Beyond the bullfights in Ronda, Spain
“Papa” is still popular in Ronda, and Orson’s ashes found their lasting peace outside of this Andalusian town in Spain’s most southern province.
“Papa,” Ernest Hemingway, the famous American writer and Nobel Prize winner, and Orson Welles, recognized American film director, both loved Ronda, Spain, and visited it often. Local souvenir shops still offer photographs of the Americans with their favorite torreros. Both were bullfight aficionados and close friends of Antonia Ordónez, the Spanish matador legend. Welles’ final resting place features a fountain on his estate near Ronda.
The Plaza de Toros of Ronda, the oldest bullring in Spain, opened in 1765 and remains home to two of the major dynasties of Spanish bullfighters, the Romeros and the Ordónezes.
Juan Romero, who reached the biblical age of 102 years, invented the use of picadors and banderilleros in bullfighting. His son, Pedro, is known for killing 6,000 bulls in his life and performing his last bullfight at age 72. Many examples of bullfighting memorabilia can be seen in the local bullfight museum inside the Plaza de Toros.
But Ronda has much more to offer than bullfighting and bullfighting history.
When Rainer Maria Rilke, one of Germany’s most famous poets, visited Ronda in 1913, he was thrilled by the location of this Andalusian town and the spectacular panoramas he found there. Located on a rock plateau that is split in half by a deep gorge called the Tajo, Ronda’s main attraction is its breathtaking location. The Guadalevin River flows through the Tajo and three bridges span the river, connecting the old town, called Ciudad, and the new quarters, called Mercadillo.
The Puente Nuevo (new bridge), which is the main bridge between the two parts of Ronda, dominates the scene. An architectural masterpiece, the 600-foot-high bridge was finished in the 18th century and took 42 years to build. It is the work of the Andalusian architect Antonio Martin Alduhuela, who fell to his death while adding finishing touches to his creation.
Although not as dramatic as the Ponte Nuevo, the other two bridges are worth a visit. Located in a lower part of the canyon, the Puente Viejo, the old bridge, was built in 1616. The Puente Romano, the Roman bridge, was erected in the 14th century.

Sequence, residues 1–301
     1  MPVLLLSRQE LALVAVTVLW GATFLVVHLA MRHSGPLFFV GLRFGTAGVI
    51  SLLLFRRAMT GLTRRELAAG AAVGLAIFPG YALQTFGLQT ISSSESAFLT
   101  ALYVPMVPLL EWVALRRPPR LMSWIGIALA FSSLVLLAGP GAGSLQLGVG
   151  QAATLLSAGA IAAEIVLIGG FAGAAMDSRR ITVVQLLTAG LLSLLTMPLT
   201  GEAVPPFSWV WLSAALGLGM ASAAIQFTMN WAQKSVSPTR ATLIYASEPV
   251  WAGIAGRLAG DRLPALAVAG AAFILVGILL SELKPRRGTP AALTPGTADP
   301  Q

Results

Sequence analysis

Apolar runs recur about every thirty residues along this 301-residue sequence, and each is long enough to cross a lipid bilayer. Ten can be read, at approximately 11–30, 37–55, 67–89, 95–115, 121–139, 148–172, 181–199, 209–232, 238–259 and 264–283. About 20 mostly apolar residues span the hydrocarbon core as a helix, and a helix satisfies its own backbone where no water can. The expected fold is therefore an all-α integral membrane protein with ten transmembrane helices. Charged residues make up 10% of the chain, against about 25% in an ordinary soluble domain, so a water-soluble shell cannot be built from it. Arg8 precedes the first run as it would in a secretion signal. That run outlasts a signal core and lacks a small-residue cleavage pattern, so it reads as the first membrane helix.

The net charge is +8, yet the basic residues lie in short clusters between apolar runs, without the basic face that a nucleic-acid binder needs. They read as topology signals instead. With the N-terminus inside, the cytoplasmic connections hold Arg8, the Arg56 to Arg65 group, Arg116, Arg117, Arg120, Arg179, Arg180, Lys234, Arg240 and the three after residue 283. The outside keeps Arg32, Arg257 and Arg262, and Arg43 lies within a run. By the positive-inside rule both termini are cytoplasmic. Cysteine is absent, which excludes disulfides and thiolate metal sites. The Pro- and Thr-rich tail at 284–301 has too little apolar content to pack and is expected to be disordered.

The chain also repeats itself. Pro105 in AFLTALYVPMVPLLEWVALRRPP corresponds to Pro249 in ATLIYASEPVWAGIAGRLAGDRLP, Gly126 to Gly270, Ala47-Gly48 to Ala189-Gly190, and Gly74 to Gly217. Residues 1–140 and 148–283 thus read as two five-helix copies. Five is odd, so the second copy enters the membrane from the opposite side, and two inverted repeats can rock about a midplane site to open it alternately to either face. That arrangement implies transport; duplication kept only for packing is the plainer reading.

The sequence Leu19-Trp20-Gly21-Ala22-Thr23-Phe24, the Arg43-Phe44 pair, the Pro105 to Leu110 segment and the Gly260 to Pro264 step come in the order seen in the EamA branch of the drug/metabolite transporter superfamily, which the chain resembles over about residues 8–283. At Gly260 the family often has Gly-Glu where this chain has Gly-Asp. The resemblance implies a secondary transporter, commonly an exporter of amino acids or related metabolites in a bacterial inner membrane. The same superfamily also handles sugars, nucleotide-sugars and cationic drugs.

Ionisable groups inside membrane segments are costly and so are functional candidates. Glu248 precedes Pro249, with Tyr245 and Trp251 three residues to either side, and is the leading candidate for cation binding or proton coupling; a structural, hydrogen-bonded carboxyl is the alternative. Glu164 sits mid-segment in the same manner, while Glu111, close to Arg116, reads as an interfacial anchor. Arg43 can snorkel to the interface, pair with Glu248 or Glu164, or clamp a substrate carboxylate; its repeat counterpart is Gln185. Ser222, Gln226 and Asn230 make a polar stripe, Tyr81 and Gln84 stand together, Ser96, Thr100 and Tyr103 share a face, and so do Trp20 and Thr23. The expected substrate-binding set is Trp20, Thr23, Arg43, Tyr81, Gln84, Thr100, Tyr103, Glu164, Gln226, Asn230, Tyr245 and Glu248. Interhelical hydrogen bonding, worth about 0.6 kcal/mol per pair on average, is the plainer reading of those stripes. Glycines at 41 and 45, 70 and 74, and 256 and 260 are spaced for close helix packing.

There are Arabian baths to visit nearby. Built in the 13th century, they display a perfect sample of Arabian culture in Andalusia. The baths are considered the best preserved in Spain. A video show explains their function and historical background.
Ronda, a small town of 36,000, is at an altitude of about 2,400 feet and is surrounded by mountains. It is only one hour north of the busy, hectic Costa del Sol and about two hours from Naval Station Rota. It is the perfect destination for a day trip. It has a relaxed southern atmosphere with outdoor cafés, reasonable hotels and a variety of souvenir shops in the new town. La Ciudad offers many antique shops, medieval palaces, a bandolero museum, old churches and narrow cobblestone lanes.
The Museo Lara offers traditional flamenco evenings with food and wine. The old art of Spanish gypsy dancing is definitely a highlight of a stay in Ronda.
More on Ronda
For information on Ronda, Spain, call the tourist office at (+34) (0) 952 87 12 72 or go to the Web at www.ronda.net.
For more on the tradition of flamenco dancing in the city, visit the Web at www.flamencoronda.com.
There are many Web sites on the Plaza de Toros, bullfighting and its role in Ronda’s history, but one good one is: www.andalucia.com/flamenco/home.htm.
— Peter Jaeger